So, George Osborne so enjoyed his upstaging of Labour on the minimum wage in January 2014 that he cunningly reprised it as the final flourish of last week’s Budget – without bothering even to consult the Low Pay Commission, that will now have the job of translating the Chancellor’s political con trick into a workable plan. (And, according to the House of Commons library, that may well require new primary legislation).
In the days following the Chancellor’s flooring of Harriet Harman in the Commons, there was a small tsunami of newspaper comment pieces and blog posts seeking to analyse the deeper consequences, both political and economic, of the move. Among the more sanguine assessments were those by former Resolution Foundation wonk James Plunkett (The UK’s minimum wage just grew up) and the LSE’s Alan Manning (The National Living Wage: a policy experiment well worth trying), while even the Living Wage Foundation managed to utter a welcome through gritted teeth.
For all this hullabaloo, Osborne’s second minimum wage coup actually didn’t advance very far on his first. In January 2014, he asserted that the UK “economy can now afford” a minimum wage rate of £7 per hour. Now – a full 18 months later – he wins acres of news coverage for committing to a rate of £7.20 from April 2016. Never have so many journalists and wonks got so excited over a difference of 20p.
Whatever, a rate of £7.20 from April 2016 is still a hike of almost 11% from the current rate of £6.50 (due to rise to £6.70 in October). So I was just a little surprised that it wasn’t until Sunday – when the Observer carried an outstanding take-down by Gavin Kelly of the Resolution Foundation – that I saw any commentator give more than passing attention to the potentially significant compliance challenge this will pose for some employers, especially in sectors such as social care where – it is commonly agreed – non-compliance is already systemic. Gavin Kelly notes:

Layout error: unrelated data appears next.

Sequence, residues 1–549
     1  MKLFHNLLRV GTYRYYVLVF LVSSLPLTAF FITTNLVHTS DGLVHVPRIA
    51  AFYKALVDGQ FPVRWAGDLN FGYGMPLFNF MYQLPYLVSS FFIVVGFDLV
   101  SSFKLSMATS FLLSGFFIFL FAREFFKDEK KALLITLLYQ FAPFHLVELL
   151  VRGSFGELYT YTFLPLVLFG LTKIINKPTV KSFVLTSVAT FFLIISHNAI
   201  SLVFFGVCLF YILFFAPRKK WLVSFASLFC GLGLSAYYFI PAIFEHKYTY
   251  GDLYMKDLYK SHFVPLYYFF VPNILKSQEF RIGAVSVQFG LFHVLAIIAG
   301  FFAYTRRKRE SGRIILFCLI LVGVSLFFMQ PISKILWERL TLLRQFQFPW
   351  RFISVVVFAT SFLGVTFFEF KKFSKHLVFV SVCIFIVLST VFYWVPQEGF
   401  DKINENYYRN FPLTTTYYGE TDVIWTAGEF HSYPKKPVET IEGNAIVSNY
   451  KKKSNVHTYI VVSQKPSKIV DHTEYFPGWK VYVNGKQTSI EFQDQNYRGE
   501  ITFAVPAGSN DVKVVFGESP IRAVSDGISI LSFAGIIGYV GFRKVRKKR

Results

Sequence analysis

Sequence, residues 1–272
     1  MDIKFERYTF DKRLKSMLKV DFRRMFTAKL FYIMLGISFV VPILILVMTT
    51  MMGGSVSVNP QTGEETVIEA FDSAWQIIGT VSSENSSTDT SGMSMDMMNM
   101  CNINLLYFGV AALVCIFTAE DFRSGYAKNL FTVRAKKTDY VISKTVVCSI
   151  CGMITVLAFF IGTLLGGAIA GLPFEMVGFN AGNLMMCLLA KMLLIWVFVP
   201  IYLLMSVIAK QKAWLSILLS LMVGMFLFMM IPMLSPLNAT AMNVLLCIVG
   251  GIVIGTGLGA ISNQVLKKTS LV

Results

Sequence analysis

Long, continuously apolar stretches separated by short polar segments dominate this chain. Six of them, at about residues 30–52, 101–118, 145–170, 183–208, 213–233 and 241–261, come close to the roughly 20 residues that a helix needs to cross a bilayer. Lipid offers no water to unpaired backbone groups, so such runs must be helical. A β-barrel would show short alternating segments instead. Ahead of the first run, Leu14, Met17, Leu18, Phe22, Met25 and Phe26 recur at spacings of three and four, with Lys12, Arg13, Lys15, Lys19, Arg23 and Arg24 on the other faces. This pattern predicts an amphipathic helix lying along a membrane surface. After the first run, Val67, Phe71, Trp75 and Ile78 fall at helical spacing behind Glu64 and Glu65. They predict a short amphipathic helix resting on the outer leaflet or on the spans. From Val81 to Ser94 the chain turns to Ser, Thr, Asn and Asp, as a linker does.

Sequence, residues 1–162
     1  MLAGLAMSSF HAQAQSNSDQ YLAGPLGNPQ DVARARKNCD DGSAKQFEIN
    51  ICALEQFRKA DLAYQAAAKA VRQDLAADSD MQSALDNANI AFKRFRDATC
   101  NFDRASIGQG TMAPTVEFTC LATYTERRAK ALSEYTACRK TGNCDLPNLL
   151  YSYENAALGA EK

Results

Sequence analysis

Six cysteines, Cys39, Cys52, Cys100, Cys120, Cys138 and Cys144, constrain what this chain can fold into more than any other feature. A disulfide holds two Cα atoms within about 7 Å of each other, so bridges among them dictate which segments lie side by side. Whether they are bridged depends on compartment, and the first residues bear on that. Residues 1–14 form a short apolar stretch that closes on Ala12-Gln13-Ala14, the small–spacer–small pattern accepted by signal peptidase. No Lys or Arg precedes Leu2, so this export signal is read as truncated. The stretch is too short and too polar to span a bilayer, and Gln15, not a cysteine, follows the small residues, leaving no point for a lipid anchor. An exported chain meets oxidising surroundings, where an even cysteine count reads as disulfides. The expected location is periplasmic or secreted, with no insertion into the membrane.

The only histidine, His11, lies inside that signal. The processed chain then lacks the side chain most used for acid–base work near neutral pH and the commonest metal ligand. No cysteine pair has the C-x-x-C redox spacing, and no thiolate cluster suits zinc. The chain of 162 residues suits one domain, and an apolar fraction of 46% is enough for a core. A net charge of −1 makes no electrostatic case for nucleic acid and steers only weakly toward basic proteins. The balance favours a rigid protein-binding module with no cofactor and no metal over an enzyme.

When it comes to employers, many sectors should be able to absorb this wage hike relatively easily, despite inevitable carping. But it will pose a severe challenge in some, above all in social care, where endemic low pay means two-thirds of all care workers currently get paid less than today’s [real] Living Wage. The truly heartening news is that more than 700,000 should now receive a pay rise. The worry is that if more public funding is not forthcoming to accommodate this increased wage bill we can expect an escalation in law-breaking by employers dodging their pay responsibilities, and an intensification of service rationing for the vulnerable.
So, was there anything meaningful in the Budget to address this “severe [compliance] challenge” and likely “escalation in law-breaking by employers dodging their pay responsibilities” from April 2016? No, there wasn’t [but see comment by Craig Gordon and my response]. Indeed, as welcome as any significant hike in the minimum wage rate (except for the under 25s) must be, it’s very hard to see any underlying strategy on the part of the Chancellor, beyond providing a deeply cynical fig leaf for his poverty-inducing slashing of tax credits.
Indeed, two months after taking office, the new crop of ministers have yet to give any indication that they consider compliance with the minimum wage to be much of a priority. It is now four months since BIS named any ‘NMW rogues’ under the ‘naming & shaming’ scheme revamped by the then (Liberal Democrat) ministers in October 2013. Which – according to the answers given by BIS to parliamentary questions tabled by Ian Murray in January and Caroline Lucas this month – means there is now a ‘backlog’ of some 340 employers to be added to the 210 named & shamed to date (under the revamped scheme, all employers issued with a Notice of Underpayment by HMRC get named & shamed, regardless of the circumstances and size of the underpayment involved).
At the end of his answer to Caroline Lucas, BIS minister Nick Boles states that BIS “expects to name more employers shortly.” Which does at least suggest that ministers have not completely given up on the naming & shaming scheme. But either the next BIS ‘naming & shaming’ press release will be very long indeed (the largest to date included just 70 NMW rogues), or ministers will have to be more selective than the scheme provides for (e.g. naming only the ‘worst’ offenders among the 340+). And, from April 2016, that choice is likely to be even more stark.